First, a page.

Matthias Le Brun@bloodyowl

Requests with ReasonML


This is how I choose to represent requests in my ReasonReact apps, there might be different ways that work well for you, but if this is something that you struggle with, that could be a good introduction to see how sum types can help you.

Given there's no union type in JavaScript, we tend to use the following representation to store a request status in a component state

/* pseudo code */
type state(data, error) = {
  isLoading: bool,
  error: nullable(error),
  data: nullable(data)

and do something like this:

User.get((error, data) => {
  if (error) {
    setState({ isLoading: false, error });
  } else {
    setState({ isLoading: false, data });
/* or */
  data => setState({ isLoading: false, data }),
  error => setState({ isLoading: false, error })

This pattern has two unfortunate consequences. The first one is that you can represent impossible states with it:

isLoadingerrordataIs possible?

The other one is that it makes you mix two different things:

  • the request temporal status
  • the request success status

Representing the request status

Typed functional language often have a Result or Either type. A result can be:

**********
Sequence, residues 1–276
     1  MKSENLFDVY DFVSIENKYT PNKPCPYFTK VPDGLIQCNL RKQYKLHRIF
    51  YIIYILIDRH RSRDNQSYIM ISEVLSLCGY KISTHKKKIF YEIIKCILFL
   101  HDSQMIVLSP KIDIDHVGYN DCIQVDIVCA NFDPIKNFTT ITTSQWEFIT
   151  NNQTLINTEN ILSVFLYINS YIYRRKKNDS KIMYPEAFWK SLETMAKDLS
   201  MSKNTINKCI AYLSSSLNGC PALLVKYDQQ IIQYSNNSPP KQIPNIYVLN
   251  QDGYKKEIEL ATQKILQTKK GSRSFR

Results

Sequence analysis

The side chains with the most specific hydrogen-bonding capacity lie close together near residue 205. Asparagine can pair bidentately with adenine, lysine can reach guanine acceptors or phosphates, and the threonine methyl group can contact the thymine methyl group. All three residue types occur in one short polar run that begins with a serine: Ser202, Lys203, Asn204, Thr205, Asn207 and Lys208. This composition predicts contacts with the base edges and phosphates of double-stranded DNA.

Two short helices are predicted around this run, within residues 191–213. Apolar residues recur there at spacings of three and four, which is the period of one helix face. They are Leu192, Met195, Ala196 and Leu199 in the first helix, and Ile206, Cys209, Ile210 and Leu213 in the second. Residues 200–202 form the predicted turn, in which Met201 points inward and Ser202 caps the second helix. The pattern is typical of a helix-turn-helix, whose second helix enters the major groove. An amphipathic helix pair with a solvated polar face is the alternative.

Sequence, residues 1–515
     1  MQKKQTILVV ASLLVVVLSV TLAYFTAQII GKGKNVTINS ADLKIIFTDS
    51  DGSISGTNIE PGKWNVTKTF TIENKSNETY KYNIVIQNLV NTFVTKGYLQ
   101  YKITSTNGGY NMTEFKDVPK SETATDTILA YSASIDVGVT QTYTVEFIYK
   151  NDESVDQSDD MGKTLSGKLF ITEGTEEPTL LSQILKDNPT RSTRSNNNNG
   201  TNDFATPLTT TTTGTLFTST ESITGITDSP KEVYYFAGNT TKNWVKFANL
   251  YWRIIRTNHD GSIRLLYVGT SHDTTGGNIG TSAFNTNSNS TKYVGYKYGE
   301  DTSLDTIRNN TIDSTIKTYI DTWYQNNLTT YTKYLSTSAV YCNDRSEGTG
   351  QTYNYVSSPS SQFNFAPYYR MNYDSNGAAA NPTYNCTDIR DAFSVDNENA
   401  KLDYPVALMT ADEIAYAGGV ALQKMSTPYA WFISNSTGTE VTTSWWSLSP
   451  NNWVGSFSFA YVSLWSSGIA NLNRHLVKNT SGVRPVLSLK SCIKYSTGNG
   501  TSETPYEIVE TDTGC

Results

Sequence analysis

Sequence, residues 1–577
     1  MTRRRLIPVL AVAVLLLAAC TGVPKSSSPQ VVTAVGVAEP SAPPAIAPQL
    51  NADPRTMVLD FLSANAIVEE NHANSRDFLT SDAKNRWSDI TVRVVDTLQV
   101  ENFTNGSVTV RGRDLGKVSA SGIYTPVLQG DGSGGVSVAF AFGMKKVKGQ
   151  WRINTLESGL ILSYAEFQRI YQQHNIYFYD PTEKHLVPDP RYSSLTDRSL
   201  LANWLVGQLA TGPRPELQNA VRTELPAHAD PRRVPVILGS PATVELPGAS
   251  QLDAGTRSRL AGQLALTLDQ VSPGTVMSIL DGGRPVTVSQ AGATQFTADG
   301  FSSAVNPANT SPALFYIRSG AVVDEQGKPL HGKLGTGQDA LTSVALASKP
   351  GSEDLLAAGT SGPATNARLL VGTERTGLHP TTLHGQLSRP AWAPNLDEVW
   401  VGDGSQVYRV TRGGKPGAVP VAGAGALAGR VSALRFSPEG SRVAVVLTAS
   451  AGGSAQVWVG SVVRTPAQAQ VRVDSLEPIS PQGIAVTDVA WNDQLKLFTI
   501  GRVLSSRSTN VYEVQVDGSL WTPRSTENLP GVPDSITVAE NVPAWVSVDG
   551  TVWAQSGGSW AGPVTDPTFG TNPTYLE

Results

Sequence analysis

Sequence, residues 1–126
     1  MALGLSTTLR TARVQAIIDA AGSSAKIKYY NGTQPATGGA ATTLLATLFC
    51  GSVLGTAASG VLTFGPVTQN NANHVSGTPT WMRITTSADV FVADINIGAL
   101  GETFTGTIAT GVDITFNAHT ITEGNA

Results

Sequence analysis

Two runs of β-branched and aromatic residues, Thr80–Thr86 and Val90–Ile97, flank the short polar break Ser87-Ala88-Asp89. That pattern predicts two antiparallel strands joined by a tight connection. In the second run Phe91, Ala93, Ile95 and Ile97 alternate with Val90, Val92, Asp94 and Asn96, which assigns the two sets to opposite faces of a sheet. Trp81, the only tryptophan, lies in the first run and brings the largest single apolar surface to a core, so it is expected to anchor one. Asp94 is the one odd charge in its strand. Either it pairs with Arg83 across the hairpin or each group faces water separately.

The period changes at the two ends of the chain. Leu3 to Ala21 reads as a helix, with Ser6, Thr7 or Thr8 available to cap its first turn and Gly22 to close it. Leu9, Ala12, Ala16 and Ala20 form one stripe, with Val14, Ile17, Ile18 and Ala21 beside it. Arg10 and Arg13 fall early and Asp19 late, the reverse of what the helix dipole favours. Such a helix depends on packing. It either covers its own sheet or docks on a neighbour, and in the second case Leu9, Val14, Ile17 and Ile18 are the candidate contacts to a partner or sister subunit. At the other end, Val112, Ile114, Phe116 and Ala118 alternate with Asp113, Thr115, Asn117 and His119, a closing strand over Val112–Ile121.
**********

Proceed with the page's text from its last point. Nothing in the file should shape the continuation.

• Ok, I have this data
  • Error, here what's faield
type result('ok, 'error) =
  | Ok('ok)
  | Error('error);

Representing the request temporal status

A request can be inactive (or "not asked"), loading or done. Let's create a type that fits that definition:

module RequestStatus = {
  type t('a) =
    | NotAsked
    | Loading
    | Done('a);

Combining the two

type state = {
  user: RequestStatus.t(Result.t(User.t, UserError.t)),

type action =
  | LoadUser
  | ReceiveUser(Result.t(User.t, UserError.t));

In state, we need to have a representation at any point in time, so we need to wrap the Result in a RequestStatus type.

In action, Load and Receive already express temporality, Receive will only need to contain the request success status.

One big advantage of this approach is that we don't need to transform the success status in order to store it in the state, we only need to wrap it in a RequestStatus, meaning we only need one codepath in trivial situations.

In my component's reducer, I'll have something like the following:

switch (action) {
| LoadUser =>
    {user: Loading},
      ({send}) =>
        User.query(payload => send(ReceiveUser(payload)))
| ReceiveUser(payload) => Update({user: Done(payload)})

In my render function, I can then simply pattern match and have exhaustivity checks for free:

switch (state.user) {
| NotAsked => <Button onPress=(() => send(LoadUser)) title="Load" />
| Loading => <ActivityIndicator />
| Done(Error(error)) => <ErrorIndicator error />
| Done(Ok(user)) => <UserCard user />
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